The 10 best destinations for cycling travellers
Prefer to see the world on two wheels? Here's where to go
There’s no question that cycling is economical, environmentally friendly, and delivers a good amount of cardiovascular exercise. But it’s also a great way to see a new city or destination. Here are the world’s ten best cities for cycling.
One of the most famous bits of trivia about Amsterdam is that the city has just about as many bicycles as it does people (both figures are just over the 800,000 mark). The city’s infrastructure, culture, and day-to-day way of life is built around cycling, from a vast city network of bike trails (more than 500 km, or 311 mi, of them) to easily accessible bikes for hire, lockups, and tours on two wheels. And with around 83 percent of Amsterdam residents reportedly hopping onto their bikes at least once a week, it might be the best way to meet locals, on top of being the best (and greenest) way to get around.
Must do: Bike across Amsterdam’s famous canals on two wheels —?and be sure to stop to snap a photo or two to share with us on Instagram. Check out our trips to Amsterdam and the Netherlands here.
If it’s long-distance (rather than city) cycling you’re after, Vietnam is the destination for you. With the right planning —?and, if you’re a novice cyclist, a good guide —?seeing the city’s stunning coastline and dense interior on two wheels can offer a remarkably unique, on-the-ground-perspective of this beautiful country (just ask G Adventures contributor Kia Abdullah).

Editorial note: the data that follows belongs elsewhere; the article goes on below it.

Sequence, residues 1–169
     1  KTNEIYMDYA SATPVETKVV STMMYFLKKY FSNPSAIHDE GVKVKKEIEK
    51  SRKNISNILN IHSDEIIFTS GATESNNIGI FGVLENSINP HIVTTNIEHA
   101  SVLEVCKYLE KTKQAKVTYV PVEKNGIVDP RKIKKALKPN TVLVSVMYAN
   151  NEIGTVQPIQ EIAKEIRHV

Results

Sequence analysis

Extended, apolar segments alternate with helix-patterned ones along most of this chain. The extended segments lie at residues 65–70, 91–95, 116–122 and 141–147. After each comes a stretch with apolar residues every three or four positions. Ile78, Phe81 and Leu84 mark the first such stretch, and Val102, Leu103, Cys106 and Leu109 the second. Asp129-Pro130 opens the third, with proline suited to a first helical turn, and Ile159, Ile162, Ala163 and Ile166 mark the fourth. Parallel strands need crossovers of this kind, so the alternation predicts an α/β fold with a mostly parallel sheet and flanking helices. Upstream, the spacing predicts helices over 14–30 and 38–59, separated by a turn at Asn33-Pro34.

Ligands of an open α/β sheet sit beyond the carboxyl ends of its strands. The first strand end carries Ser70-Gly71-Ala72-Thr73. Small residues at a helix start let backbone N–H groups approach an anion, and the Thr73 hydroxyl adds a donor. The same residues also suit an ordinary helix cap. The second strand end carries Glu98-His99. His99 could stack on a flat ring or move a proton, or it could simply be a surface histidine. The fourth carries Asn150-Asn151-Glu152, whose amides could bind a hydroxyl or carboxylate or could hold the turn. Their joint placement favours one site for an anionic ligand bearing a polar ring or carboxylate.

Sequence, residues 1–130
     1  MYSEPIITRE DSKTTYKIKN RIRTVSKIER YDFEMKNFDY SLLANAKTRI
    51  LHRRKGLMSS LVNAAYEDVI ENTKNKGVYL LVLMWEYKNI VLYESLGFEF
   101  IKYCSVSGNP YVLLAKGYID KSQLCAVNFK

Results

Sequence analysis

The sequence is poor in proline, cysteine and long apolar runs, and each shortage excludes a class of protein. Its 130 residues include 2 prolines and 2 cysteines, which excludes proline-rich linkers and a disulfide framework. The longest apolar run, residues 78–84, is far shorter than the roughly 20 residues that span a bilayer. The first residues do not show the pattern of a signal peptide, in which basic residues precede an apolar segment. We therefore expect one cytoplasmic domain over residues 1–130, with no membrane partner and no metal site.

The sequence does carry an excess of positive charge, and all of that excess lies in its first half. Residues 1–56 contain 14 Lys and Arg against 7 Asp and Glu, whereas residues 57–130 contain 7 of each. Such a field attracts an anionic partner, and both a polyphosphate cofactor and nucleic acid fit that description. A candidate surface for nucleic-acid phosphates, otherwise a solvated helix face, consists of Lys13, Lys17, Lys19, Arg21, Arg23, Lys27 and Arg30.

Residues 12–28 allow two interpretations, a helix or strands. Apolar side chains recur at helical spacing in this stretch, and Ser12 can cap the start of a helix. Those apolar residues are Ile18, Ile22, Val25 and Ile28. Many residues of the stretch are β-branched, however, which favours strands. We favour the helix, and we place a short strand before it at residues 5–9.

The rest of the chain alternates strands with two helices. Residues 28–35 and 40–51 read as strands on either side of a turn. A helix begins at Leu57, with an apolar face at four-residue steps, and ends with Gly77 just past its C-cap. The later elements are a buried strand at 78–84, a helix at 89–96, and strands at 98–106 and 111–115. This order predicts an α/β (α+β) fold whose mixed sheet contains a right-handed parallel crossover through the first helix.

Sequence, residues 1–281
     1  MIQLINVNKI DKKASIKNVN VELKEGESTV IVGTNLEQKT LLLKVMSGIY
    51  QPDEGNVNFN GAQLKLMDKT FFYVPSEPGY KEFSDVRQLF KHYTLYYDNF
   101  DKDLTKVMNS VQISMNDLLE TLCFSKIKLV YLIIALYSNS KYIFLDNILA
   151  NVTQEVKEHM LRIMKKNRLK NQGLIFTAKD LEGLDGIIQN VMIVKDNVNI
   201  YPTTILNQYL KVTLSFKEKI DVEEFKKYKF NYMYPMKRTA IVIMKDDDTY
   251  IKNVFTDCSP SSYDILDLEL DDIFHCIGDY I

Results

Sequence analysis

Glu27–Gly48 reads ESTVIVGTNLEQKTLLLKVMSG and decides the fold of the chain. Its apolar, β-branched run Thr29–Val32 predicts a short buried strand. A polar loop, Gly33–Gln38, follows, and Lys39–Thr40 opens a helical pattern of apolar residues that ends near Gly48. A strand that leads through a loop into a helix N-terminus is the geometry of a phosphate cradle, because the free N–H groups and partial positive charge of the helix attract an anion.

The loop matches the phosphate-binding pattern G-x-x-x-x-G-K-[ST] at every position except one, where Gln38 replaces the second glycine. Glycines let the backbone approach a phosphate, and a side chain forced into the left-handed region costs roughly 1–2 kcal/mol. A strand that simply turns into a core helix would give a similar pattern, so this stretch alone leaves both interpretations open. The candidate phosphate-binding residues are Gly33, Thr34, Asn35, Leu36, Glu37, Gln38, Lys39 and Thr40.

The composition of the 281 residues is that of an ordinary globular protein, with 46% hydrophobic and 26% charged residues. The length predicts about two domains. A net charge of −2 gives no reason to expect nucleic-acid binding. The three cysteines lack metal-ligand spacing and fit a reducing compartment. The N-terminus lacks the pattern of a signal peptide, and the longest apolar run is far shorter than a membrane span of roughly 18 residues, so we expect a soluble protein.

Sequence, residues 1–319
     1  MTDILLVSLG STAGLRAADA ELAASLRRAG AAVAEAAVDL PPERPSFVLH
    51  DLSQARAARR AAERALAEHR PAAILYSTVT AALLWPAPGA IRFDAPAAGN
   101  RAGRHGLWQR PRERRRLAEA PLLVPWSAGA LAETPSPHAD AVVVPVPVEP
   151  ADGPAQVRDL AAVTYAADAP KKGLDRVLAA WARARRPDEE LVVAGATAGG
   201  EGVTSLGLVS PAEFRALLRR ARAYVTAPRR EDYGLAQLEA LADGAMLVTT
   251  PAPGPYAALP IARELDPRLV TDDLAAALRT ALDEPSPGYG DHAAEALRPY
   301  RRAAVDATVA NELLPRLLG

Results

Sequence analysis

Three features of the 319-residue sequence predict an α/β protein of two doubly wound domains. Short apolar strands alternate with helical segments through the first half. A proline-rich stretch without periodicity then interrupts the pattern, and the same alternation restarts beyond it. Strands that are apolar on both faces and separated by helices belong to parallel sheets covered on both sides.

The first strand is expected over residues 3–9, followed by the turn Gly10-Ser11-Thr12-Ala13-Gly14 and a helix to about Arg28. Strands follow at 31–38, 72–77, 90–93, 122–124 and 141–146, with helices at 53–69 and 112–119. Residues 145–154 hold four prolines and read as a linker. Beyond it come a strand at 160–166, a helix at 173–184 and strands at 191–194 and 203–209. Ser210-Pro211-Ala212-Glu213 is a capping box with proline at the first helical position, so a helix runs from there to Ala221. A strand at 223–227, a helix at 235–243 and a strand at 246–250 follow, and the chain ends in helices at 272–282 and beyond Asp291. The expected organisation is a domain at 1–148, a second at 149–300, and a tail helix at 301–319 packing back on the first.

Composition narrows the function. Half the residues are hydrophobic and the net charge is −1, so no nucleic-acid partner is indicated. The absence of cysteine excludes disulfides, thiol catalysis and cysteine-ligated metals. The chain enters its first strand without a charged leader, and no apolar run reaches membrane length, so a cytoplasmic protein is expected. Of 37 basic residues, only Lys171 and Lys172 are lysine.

Must do: Test your stamina along the Hai Van Pass, a 21-km (13 mi) mountain pass in central Vietnam. Our guided Cycle Vietnam tour can get you there.
The image of the striped shirted Parisian leisurely pedalling along the Seine, baguette in his pannier (how do you think those side-saddles got their names, anyway?), is an exaggerated stereotype, but it’s based in fact: Paris —?like much of France —?is a haven for cyclists. The City of Light has bikes for rent available throughout the city centre — most of which are equipped with front baskets for any market purchases or snacks picked up as you pedal through the streets, both cobblestone and otherwise.
Must do: City life not your thing? Hop on a mountain bike and explore the idyllic Loire Valley, home to some of the best food — and wine — in the world.
Only 29 percent of households in Copenhagen own a car, meaning most residents prefer to run their errands on two wheels. The city of Copenhagen has 454 km (280 mi) of cycle tracks whose lights are coordinated with road traffic in favour of cyclists during rush hour; the city has about 1,800 bike stations for cycle rentals, and most hotels in the city core offer bikes to guests as part of their stay. As a bonus, many of the bikes available to tourists come free of charge, and are equipped with maps, key points, and GPS locators. In fact, the city’s commitment to integrating cycling culture and infrastructure has led to its own term: “copenhagenization.” Could exploring be any easier (and greener)?
Must do: Before you go, read up on “Copenhagen cycle chic,” lest you risk getting caught looking less than photo-worthy while exploring on two wheels.